The rise of an elite’s game in India

By Sridhar Banerjee

The tryst with golf in India can be dated back to 1829 when Royal Calcutta Golf Club (RCGC) was established under the British rule. However, the sport by and large remained confined as elites’ amateur-alike venture for more than a decade.

The game finally witnessed a major shift in the way it was earlier run and promoted in India with the constitution of Indian Golf Union (IGU), a body solely responsible for the management and promotion of the game in the country. However, it took quite a while before India could make a mark in the Asian golf-map, leave apart the global one.

India finally triumphed something noteworthy with the gold-medal winning feat from Lakshman Singh at the 1982 Asian Games in India. While professional golf was growing exponentially around the globe, our country was content with a handful of winning efforts majorly coming in from buck-strived competitions. Professionalism in Indian golf got a major boost with the formation of Professional Golfers’ Association of India (PGAI) in 1995.

Motivated by the possibility of the expansion of professional infrastructure in the country, youngsters pondered beyond the morning regime of sipping a cup of coffee and having a go at the club with an aim to have a feel of the lush green fairway, the bunkers and the prized holes. Talented golfers like Ali Sher and Gaurav Ghai were probably the disappointed lots as their game was in its twilight phase. However, budding golfers those days of the sorts of Jeev Milkha Singh, Jyoti Randhawa and Arjun Atwal made the most of the opportunities of the rising golf curve and started making mark in the Asian circuit and followed it up in European tour. Jeev was the pioneer of the lot internationally as he went on to win four times each in European Tour and Japan Tour, and six times in the Asian tour. He was the first ever Indian golfer to break into the top 100 in the World golf ranking truly living up to the legacy by his legendary father, Milkha Singh, one of the few Olympian sprinters from India to have finished an agonizing 4th in the Olympics. Arjun Atwal became the first ever Indian to win on PGA tour by winning the Wyndham Championship back in 2010. Jyoti Randhawa made phenomenal strides in the Asian tour as he won Asian tour titles on eight occasions.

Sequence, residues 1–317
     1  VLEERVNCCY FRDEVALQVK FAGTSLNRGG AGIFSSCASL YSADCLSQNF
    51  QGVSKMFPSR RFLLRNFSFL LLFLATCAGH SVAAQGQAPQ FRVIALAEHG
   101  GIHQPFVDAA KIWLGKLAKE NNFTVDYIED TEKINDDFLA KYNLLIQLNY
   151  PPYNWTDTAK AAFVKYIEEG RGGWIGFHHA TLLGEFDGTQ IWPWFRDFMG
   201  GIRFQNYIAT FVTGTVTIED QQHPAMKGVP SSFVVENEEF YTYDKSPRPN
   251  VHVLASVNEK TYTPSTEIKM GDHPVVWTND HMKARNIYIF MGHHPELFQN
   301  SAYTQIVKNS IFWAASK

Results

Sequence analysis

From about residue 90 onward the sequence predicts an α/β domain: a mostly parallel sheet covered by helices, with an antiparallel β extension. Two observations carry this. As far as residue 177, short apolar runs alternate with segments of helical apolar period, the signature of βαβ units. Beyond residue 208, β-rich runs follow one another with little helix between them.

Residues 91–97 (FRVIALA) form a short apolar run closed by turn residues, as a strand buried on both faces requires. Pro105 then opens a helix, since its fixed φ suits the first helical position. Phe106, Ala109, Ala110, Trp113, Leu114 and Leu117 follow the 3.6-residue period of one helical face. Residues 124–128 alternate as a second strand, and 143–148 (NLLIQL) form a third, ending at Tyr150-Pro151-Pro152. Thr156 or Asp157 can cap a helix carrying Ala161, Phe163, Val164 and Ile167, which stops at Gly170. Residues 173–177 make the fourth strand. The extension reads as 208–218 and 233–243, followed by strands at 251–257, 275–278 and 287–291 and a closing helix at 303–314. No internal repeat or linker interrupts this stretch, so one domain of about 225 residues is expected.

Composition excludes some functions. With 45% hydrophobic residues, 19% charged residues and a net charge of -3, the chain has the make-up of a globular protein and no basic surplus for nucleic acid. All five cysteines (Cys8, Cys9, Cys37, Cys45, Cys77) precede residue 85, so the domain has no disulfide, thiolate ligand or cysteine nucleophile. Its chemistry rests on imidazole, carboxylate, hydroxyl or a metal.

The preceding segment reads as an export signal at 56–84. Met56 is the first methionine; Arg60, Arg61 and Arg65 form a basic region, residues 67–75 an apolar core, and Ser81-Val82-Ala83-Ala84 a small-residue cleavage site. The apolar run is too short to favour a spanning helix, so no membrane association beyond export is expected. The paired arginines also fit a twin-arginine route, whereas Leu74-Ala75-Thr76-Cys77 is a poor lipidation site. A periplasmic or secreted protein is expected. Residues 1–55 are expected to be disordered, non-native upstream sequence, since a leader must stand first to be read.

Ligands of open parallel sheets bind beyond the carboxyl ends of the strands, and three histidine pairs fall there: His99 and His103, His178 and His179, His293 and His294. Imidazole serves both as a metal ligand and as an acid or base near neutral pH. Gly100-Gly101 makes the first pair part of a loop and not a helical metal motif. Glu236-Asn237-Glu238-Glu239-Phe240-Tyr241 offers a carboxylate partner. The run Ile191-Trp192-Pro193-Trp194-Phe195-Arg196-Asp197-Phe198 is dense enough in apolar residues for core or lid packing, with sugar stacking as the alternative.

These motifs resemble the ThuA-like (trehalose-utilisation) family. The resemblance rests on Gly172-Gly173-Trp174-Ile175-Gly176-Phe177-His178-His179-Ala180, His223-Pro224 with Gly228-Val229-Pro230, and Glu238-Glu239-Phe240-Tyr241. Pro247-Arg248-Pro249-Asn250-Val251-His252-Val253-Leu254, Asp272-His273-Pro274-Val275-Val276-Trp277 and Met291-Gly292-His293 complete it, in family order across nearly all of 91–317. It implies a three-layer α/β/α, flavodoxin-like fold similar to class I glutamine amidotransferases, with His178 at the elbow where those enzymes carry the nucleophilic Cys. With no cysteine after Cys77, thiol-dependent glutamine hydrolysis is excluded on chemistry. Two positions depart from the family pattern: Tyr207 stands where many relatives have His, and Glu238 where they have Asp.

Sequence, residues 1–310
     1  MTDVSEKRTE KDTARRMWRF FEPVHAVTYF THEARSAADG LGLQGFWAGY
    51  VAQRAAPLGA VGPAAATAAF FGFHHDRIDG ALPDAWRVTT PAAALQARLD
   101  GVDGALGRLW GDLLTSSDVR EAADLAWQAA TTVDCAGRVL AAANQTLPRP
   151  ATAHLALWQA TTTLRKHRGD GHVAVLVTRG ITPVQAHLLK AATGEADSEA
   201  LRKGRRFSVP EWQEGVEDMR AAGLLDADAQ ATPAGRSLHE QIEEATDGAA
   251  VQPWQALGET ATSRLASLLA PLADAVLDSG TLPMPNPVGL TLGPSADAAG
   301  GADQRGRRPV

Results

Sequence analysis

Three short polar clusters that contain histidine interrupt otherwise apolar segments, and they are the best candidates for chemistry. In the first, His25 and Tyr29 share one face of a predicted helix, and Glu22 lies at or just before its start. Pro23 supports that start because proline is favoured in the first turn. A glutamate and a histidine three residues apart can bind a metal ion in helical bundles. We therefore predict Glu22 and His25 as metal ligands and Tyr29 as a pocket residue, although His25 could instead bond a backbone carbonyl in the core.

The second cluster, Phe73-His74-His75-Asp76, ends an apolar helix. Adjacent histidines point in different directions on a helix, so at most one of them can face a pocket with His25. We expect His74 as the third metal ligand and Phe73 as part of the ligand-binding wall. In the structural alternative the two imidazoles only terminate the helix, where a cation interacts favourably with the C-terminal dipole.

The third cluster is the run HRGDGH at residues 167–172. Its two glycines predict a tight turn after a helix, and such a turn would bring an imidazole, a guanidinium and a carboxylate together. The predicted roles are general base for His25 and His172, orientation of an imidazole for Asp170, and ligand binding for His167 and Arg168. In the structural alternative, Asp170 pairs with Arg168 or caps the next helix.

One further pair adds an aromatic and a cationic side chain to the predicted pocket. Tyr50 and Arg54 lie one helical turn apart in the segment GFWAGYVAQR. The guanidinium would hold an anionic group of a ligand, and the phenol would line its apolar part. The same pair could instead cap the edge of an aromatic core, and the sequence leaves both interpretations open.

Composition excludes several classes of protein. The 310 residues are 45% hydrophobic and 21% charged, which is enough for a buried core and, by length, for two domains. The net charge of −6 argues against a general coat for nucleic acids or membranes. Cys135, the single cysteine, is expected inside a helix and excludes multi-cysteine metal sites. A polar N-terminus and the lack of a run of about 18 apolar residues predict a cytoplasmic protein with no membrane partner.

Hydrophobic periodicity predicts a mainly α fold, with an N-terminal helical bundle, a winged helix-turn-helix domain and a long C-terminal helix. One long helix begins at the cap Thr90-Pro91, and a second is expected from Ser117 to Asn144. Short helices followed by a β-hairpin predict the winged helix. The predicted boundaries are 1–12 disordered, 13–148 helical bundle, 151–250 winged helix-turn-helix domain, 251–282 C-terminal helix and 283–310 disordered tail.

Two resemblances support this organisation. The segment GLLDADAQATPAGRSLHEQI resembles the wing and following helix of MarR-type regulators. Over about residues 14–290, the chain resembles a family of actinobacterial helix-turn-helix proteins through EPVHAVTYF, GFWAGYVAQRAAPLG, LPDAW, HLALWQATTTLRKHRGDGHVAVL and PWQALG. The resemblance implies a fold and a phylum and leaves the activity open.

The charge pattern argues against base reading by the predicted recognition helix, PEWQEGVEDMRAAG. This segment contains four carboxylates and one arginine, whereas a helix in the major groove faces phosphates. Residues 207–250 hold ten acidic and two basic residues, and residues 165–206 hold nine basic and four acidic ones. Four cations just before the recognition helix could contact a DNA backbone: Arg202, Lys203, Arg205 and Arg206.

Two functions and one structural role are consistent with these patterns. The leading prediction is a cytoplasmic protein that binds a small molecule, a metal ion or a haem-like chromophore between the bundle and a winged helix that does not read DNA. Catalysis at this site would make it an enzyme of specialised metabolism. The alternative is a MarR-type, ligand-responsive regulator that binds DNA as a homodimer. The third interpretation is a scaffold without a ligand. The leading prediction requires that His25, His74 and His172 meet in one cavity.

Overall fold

The success of the trio raised the popularity of the game in India as new golf courses started coming up together with standardization and face-lifting of the old golf courses like RCGC, Delhi Golf Club etc. Golf touched the hands of the common men as well. Shiv Shankar Prasad Chawrasia also known as “Chipputtsia” or SSP, the son of a green-keeper from RCGC, soon became a name to reckon with. A maestro in the short game, SSP is still considered to have magical hands whenever he plays in the golf courses like DGC. He has made every Indian proud through his success in Asian (6 titles) and European tour (4 titles).

Shiv Kapur and Anirban Lahiri are the latest sensations with Shiv emerging champions in the Asian tour on two occasions followed by two European Challenger tour triumphs. However, Anirban Lahiri has taken Indian golf to a different height. He’s been an undisputed No.1 in our country for more than the last couple of years. His success graph in golf is outstanding. At 30, the golfer from Bangalore has triumphed seven times in the Asian tour and twice in the European tour. For the past two years, he’s been rubbing shoulders with the likes of Jason Day and Hideki Matsuyama in PGA tour (the most sought-after golfing association worldwide).

TournamentPositionPrize Money won
C J Cup @ Nine Bridges (Korea)Tied 5th$ 1,75,000
CIMB Classic (Malayasia)Tied 10th$ 3,02,000
BMW ChampionshipTied 9th$ 2,36,250


Anirban stands at 15th position in the FedEx ranking currently (in PGA tour) and 58th in World ranking and of late, he’s been in tremendous form (he missed out narrowly on his berth at the HSBC WGC Championship). In 2016-17, this prolific Indian golfer took home $1,944,289 and finished at a credible 61 in FedEx ranking.

With youngsters like Ajeetesh Sandhu and Subhankar Das making their presence felt in the Asian circuit, Indian golf seems to have started shining globally and soon we expect someone winning a major showing the way to head to.


  1. Unfolded the future of a game which remains unnoticed in the news headlines…looking forward for some more uncommon topics…All the best!!!!

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